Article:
It’s Christmas Eve, a day before Chinny turns twenty-five, and hopes Francis pops the question but he does the opposite that shatters her heart. Chinny curses the Christmas spirit recalling how her brother left home several years and never returned, a past that haunts her throughout the story.
She braces up to life, giving all her attention to her childhood dreams of helping a forgotten segment of her town. This means dining with the devil who used to be her friend. He is scheming and vicious, she is angry and determined, but soon, he’ll let all hell loose on her leaving her life in the balance. Will she survive the fire outbreak and who is the stranger she keeps running into?
Femi ‘fairchild Morgan is a writer, entrepreneur and creative and public relations executive. He is the author of chapbook, Silent Drummings (2008), co-author of the Sankofa Chapbook, Phases: Poetry of People (eds 2015) and Songs of Travel, Artmosphere Nigeria Chapbook (2016). ‘Femi Morgan is the co-recipient of the 234Next Fashion Copy Prize. He was long-listed for the BN Poetry Prize in 2015 and was selected for the Writvism Writing Workshop in 2015.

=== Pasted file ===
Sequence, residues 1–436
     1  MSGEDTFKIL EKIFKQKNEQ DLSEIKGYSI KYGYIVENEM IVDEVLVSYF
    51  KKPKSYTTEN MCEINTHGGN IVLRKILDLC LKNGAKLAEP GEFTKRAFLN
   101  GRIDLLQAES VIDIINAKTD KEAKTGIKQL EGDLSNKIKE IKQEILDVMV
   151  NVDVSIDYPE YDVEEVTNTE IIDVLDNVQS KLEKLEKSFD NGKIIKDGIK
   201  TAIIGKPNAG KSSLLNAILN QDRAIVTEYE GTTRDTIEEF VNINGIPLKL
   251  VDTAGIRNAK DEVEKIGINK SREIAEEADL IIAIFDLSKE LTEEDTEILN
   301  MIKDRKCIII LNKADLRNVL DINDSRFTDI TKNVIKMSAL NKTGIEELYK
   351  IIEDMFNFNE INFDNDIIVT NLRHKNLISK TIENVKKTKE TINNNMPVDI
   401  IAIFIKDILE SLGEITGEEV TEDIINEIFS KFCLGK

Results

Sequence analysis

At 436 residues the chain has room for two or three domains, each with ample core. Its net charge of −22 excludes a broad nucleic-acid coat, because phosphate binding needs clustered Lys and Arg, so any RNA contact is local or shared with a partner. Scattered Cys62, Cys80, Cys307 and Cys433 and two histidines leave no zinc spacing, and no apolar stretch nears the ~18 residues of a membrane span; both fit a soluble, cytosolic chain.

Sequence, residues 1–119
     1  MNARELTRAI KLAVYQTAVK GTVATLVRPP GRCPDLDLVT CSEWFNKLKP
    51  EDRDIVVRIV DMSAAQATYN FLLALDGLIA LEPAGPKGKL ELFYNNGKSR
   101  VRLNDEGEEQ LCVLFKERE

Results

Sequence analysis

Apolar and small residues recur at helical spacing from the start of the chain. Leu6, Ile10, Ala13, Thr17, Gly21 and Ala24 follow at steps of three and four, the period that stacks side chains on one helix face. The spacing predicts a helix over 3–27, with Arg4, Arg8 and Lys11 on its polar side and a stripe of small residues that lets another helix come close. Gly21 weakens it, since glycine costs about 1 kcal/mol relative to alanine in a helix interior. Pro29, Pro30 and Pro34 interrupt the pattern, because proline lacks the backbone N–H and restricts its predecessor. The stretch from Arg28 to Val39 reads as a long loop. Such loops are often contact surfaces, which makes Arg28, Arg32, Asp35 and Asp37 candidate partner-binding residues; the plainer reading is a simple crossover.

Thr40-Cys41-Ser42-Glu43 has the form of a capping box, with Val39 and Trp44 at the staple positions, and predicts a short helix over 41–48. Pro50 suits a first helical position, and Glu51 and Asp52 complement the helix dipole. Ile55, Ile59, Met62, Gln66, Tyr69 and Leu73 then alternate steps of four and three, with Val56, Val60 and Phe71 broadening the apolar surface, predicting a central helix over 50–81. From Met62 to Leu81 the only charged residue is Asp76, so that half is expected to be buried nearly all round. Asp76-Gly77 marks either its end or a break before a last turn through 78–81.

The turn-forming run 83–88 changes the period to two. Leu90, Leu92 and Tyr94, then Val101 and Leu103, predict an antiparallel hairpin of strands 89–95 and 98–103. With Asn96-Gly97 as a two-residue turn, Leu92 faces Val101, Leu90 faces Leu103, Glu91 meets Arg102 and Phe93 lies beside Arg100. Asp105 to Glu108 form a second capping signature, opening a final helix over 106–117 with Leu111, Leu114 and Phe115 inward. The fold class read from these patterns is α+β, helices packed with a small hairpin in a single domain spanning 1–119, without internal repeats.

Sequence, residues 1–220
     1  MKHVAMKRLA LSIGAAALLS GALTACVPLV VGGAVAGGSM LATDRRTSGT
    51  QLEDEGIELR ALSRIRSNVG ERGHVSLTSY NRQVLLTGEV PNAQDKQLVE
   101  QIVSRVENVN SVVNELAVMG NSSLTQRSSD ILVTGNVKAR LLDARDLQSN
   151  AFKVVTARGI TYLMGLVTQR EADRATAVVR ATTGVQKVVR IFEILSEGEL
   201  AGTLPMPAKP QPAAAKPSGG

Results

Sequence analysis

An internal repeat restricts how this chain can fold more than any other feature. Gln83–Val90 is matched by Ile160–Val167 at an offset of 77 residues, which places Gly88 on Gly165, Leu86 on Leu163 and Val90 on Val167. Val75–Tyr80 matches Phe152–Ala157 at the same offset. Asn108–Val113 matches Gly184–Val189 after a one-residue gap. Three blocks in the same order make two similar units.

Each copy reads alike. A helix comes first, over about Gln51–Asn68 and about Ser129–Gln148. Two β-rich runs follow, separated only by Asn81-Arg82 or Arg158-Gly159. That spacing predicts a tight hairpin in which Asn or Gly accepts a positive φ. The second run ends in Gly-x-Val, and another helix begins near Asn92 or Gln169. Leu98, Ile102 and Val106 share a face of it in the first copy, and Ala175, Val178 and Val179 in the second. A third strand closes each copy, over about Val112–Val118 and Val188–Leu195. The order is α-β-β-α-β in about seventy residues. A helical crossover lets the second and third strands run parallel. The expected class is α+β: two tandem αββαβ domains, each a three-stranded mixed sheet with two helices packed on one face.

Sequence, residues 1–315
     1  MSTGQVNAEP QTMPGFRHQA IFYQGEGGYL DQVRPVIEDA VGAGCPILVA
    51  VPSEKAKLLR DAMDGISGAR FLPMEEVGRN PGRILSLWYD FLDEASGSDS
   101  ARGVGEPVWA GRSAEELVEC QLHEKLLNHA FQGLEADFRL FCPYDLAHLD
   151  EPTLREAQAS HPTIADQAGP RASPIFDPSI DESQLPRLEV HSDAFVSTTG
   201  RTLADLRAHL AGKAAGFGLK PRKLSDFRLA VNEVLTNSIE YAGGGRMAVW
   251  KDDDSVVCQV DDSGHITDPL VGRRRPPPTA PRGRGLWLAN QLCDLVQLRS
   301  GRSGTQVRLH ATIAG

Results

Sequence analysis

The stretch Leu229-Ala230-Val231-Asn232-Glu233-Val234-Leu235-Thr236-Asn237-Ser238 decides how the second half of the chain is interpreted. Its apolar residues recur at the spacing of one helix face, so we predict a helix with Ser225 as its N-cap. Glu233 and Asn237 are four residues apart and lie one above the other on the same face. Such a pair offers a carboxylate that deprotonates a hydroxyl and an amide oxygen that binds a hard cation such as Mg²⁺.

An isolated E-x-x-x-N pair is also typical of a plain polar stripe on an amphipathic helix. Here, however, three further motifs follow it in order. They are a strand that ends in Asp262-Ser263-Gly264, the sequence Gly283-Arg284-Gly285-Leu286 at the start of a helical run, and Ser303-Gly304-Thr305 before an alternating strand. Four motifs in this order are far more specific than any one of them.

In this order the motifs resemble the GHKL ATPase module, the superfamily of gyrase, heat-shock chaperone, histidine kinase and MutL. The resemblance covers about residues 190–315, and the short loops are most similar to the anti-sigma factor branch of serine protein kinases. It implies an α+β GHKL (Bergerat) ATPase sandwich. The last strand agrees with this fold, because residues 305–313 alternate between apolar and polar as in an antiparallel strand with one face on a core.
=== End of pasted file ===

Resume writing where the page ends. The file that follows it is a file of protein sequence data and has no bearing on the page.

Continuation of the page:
A Tiny Place Called Happiness is a brilliant collection of short stories from a vibrant Nigerian voice. This collection of Short Stories explores characters and landscapes, social realities and conversations that are ways in which characters are searching for happiness.
This book is a collection of poems that talks about love, want, lust and lovemaking without grating at the edges. Its metaphors are double-edged, closer to the ground for readers, and subtlely elevated for poets. This is an eulogy for millennial life.
Jerry Chiemeke is an editor, culture critic and lawyer. His works have been published in The Inlandia Journal, Kissing Dynamite Poetry, Nightingale and Sparrow, Agbowo and The Question Marker, among others. A lover of finger foods and alternative music, Jerry lives a secluded life in Lagos, Nigeria, where he is currently working on a collection of short stories.
He is the winner of the 2017 Ken Saro Wiwa Prize for Reviews.